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phy131studiof15:lectures:chapter19 [2015/07/22 11:43]
mdawber created
phy131studiof15:lectures:chapter19 [2015/11/11 08:54] (current)
mdawber [Using the Ideal Gas Law to determine Absolute Zero]
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 Coefficients of thermal expansion can be found [[http://​en.wikipedia.org/​wiki/​Thermal_expansion|here]] or your textbook. ​ Coefficients of thermal expansion can be found [[http://​en.wikipedia.org/​wiki/​Thermal_expansion|here]] or your textbook. ​
 +
 +===== 19.P.014 =====
 +
 +===== 19.P.017 =====
 +
 +
  
 ===== Some Thermal Expansion demos ===== ===== Some Thermal Expansion demos =====
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 These stresses can be reduced by the inclusion of [[wp>​Expansion_joint|expansion joints]] in bridges, roads and pipes. These stresses can be reduced by the inclusion of [[wp>​Expansion_joint|expansion joints]] in bridges, roads and pipes.
 +
 +===== 19.P.025 =====
 +
 +
 +===== What makes a gas ideal?=====
 +
 +There are a number of conditions which must be satisfied for a gas to be considered ideal
 +
 +  - There must be a large number of molecules and they should move in random directions with a range of different speeds.
 +  - The spacing between molecules should be much greater than the size of the molecules.
 +  - Molecules are assumed to interact only through collisions.
 +  - The collisions are assumed to be elastic.
 +
 +
 +===== Boyle'​s Law =====
 +
 +At constant temperature,​ it is found that the product of the pressure and volume of an ideal gas are constant
 +
 +$PV=\mathrm{constant}$
 +
 +This is named [[wp>​Boyle%27s_law|Boyle'​s Law]], after Robert Boyle who formulated it in 1662.
 +
 +{{Boyles_Law_animated.gif}}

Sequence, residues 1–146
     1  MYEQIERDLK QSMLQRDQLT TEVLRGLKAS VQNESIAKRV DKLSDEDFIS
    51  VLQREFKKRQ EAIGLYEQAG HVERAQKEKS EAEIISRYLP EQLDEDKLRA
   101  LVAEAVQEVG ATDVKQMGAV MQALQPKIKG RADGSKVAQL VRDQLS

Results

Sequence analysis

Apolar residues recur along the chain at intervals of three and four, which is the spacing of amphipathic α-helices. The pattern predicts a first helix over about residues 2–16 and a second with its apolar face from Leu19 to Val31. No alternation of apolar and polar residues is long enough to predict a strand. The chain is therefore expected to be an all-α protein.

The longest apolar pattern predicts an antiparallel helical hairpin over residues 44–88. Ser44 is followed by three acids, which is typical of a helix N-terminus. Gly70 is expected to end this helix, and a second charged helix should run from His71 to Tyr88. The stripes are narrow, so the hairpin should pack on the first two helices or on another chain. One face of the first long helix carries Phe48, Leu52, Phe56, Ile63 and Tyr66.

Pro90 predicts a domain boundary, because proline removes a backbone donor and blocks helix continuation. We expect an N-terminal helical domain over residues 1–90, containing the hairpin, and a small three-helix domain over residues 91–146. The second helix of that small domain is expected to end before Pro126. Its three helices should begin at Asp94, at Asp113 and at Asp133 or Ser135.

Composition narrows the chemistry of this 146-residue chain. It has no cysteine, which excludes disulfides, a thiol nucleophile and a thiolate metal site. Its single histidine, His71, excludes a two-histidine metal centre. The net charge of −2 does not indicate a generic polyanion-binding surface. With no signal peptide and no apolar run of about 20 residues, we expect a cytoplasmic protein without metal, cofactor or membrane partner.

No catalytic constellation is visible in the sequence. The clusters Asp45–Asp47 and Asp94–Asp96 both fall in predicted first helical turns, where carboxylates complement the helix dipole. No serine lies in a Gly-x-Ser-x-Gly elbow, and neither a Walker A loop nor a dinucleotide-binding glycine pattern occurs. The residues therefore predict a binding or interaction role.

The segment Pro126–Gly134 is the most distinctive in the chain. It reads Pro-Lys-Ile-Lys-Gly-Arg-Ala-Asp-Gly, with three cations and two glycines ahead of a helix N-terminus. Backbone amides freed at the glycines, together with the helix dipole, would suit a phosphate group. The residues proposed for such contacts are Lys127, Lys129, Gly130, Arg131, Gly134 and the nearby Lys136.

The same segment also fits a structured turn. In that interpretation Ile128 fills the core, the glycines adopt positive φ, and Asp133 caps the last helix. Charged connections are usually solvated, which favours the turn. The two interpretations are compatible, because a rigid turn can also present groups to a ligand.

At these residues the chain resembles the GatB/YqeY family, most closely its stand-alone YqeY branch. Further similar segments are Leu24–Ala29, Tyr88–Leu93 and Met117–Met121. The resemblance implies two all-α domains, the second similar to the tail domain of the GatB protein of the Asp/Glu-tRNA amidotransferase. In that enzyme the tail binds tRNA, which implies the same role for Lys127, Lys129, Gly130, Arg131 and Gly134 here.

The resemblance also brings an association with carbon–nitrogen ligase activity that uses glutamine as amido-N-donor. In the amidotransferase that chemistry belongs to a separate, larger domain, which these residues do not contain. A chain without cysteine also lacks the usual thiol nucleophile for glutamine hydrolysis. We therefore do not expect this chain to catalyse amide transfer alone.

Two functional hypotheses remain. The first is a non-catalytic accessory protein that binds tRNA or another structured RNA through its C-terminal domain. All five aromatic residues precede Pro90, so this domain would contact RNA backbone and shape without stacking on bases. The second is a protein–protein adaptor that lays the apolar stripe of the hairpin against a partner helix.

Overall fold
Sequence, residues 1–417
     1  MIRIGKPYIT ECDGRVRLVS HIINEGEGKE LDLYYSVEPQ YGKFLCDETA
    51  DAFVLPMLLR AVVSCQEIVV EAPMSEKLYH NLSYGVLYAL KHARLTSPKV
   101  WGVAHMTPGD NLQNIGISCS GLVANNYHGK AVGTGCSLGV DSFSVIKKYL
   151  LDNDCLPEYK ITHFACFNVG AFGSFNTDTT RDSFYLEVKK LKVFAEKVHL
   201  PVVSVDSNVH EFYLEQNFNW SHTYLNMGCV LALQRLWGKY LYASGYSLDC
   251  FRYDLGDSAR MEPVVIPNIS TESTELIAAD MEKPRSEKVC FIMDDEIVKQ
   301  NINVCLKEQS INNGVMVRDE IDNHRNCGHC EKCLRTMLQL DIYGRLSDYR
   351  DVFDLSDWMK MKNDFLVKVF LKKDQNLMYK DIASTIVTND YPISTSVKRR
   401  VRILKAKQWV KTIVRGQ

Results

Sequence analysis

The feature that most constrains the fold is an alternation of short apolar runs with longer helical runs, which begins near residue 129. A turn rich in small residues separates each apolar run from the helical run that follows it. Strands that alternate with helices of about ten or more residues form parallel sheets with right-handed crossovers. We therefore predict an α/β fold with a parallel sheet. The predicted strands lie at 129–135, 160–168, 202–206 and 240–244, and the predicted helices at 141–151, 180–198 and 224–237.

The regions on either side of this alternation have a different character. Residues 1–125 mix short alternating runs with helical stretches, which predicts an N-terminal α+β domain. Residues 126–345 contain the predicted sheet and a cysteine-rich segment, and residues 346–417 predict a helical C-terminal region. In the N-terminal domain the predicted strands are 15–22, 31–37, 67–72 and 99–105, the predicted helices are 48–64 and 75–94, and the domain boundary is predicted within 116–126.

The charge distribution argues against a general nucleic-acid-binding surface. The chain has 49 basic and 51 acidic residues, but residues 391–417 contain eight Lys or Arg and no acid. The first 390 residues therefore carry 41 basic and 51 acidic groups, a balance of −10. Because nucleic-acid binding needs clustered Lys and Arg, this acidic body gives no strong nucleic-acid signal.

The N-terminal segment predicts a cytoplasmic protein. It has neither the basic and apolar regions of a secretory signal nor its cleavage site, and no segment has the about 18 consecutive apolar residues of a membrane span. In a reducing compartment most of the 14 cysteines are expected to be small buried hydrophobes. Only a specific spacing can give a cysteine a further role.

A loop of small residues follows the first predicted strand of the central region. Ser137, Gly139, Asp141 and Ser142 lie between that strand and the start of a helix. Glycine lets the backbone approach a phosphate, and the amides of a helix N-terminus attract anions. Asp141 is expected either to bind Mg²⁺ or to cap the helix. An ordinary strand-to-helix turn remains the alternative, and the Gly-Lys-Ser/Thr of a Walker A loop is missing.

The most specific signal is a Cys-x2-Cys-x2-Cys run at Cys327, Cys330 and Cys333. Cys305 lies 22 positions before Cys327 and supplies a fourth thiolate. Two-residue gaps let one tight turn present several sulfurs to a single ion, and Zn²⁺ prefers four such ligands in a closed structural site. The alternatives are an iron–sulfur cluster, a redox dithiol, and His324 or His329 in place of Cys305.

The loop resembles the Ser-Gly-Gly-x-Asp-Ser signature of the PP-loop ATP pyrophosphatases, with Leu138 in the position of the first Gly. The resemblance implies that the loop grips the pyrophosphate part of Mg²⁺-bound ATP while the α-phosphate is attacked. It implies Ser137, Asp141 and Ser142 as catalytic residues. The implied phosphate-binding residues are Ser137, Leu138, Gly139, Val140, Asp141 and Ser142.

+
 +===== Charles'​ Laws =====
 +
 +Joesph Louis Gay-Lussac published [[wp>​Charles%27s_law|Charles'​ Law]] in 1802, attributing it to unpublished work of Jacques Charles in the 1780'​s ​ (Gay-Lussac has his own law..though it's not clear he should!).
 +
 +Charles'​ Law states that at constant pressure the volume of a gas is proportional to the temperature.
 +
 +$V\propto T$
 +
 +{{Charles_and_Gay-Lussac'​s_Law_animated.gif}}
 +
 +===== Gay-Lussac'​s law =====
 +
 +[[wp>​Gay-Lussac%27s_Law|Gay Lussac'​s Law]] states that for a fixed volume the pressure is proportional to the temperature
 +
 +$P\propto T$
 +
 +===== Ideal Gas Law =====
 +
 +The combination of the previous 3 laws implies that 
 +
 +$PV\propto T$
 +
 +Our previous laws were for systems of constant mass, but we can see that the amount of mass should effect the volume (at a given pressure) or the pressure (at a given volume).
 +
 +$PV\propto mT$
 +
 +Measuring the amount of mass in moles will allow us to write the ideal gas law in terms of a universal constant. A mole of gas is a given number of molecules, Avagadro'​s number, $N_{A}=6.02\times 10^{23}$. If we have a certain mass $m$ of a gas which has a certain [[wp>​Molecular_mass|molecular mass]] (measured in atomic mass units, $\mathrm{u}$,​ which are also the number of grams per mole.), the the number of moles $n$ is given by
 +
 +$n=\frac{m[\mathrm{g}]}{\textrm{molecular mass}[\mathrm{g/​mol}]}$
 +
 +and 
 +
 +$PV=nRT$ where $R=8.314\mathrm{J/​(mol.K)}$
 +
 +This equation is the [[wp>​Ideal_gas_law|ideal gas law]]
 +
 +===== 19.P.034 =====
 +
 +===== 19.P.042 =====
 +
 +===== 19.P.044 =====
 +
 +
 +
 +===== Ideal Gas Law for a number of molecules =====
 +
 +
 +The ideal gas law can also be written in terms of the number of molecules $N$
 +
 +$PV=nRT=\frac{N}{N_{A}}RT=NkT$
 +
 +where $k=\frac{R}{N_{A}}=\frac{8.314\mathrm{J/​(mol.K)}}{6.02\times 10^{23}}=1.38\times 10^{-23}\mathrm{J/​K}$ is the [[wp>​Boltzmann_constant|Boltzmann Constant]].
 +
 +===== Using the Ideal Gas Law to determine Absolute Zero =====
 +
 +If $PV=nRT$ the absolute zero temperature occurs when $P=0$. In practice most gases will liquefy before this point, but we can measure the pressure of a fixed volume of gas at a couple of reference points and extrapolate down to zero pressure to get an estimate for [[wp>​Absolute_zero|absolute zero]].
 +
 +Through laser cooling and molecular trapping techniques it is now possible (but difficult!) for temperatures on the order of a $\mathrm{nK}$ to be achieved. Prof. [[http://​ultracold.physics.sunysb.edu/​index.html|Dominik Schneble]] produces ultra-cold ($\mu K$) Bose-Einstein condensates in the basement of this building! Prof. [[http://​www.stonybrook.edu/​metcalf/​hmetcalf.html|Hal Metcalf]] was one of the key players in the original development of laser cooling.
 +
 +
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